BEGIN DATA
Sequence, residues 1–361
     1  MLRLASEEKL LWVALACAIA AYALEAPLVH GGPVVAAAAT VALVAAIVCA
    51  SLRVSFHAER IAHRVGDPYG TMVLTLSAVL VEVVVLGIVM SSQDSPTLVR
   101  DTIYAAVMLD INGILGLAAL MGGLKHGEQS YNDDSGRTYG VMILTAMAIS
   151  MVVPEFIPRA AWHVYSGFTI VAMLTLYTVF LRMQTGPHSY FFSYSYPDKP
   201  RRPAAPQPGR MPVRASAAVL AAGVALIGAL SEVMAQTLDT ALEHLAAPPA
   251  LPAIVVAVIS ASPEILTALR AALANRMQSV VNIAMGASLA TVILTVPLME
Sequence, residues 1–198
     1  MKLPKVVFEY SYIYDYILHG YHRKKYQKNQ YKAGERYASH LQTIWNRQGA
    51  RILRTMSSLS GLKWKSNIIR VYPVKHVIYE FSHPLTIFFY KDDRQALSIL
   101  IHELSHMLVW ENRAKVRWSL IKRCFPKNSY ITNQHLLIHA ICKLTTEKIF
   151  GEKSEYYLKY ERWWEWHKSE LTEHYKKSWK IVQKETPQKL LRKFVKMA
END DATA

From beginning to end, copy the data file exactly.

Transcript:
Sequence, residues 1–361
     1  MLRLASEEKL LWVALACAIA AYALEAPLVH GGPVVAAAAT VALVAAIVCA
    51  SLRVSFHAER IAHRVGDPYG TMVLTLSAVL VEVVVLGIVM SSQDSPTLVR
   101  DTIYAAVMLD INGILGLAAL MGGLKHGEQS YNDDSGRTYG VMILTAMAIS
   151  MVVPEFIPRA AWHVYSGFTI VAMLTLYTVF LRMQTGPHSY FFSYSYPDKP
   201  RRPAAPQPGR MPVRASAAVL AAGVALIGAL SEVMAQTLDT ALEHLAAPPA
   251  LPAIVVAVIS ASPEILTALR AALANRMQSV VNIAMGASLA TVILTVPLME
Sequence, residues 1–198
     1  MKLPKVVFEY SYIYDYILHG YHRKKYQKNQ YKAGERYASH LQTIWNRQGA
    51  RILRTMSSLS GLKWKSNIIR VYPVKHVIYE FSHPLTIFFY KDDRQALSIL
   101  IHELSHMLVW ENRAKVRWSL IKRCFPKNSY ITNQHLLIHA ICKLTTEKIF
   151  GEKSEYYLKY ERWWEWHKSE LTEHYKKSWK IVQKETPQKL LRKFVKMA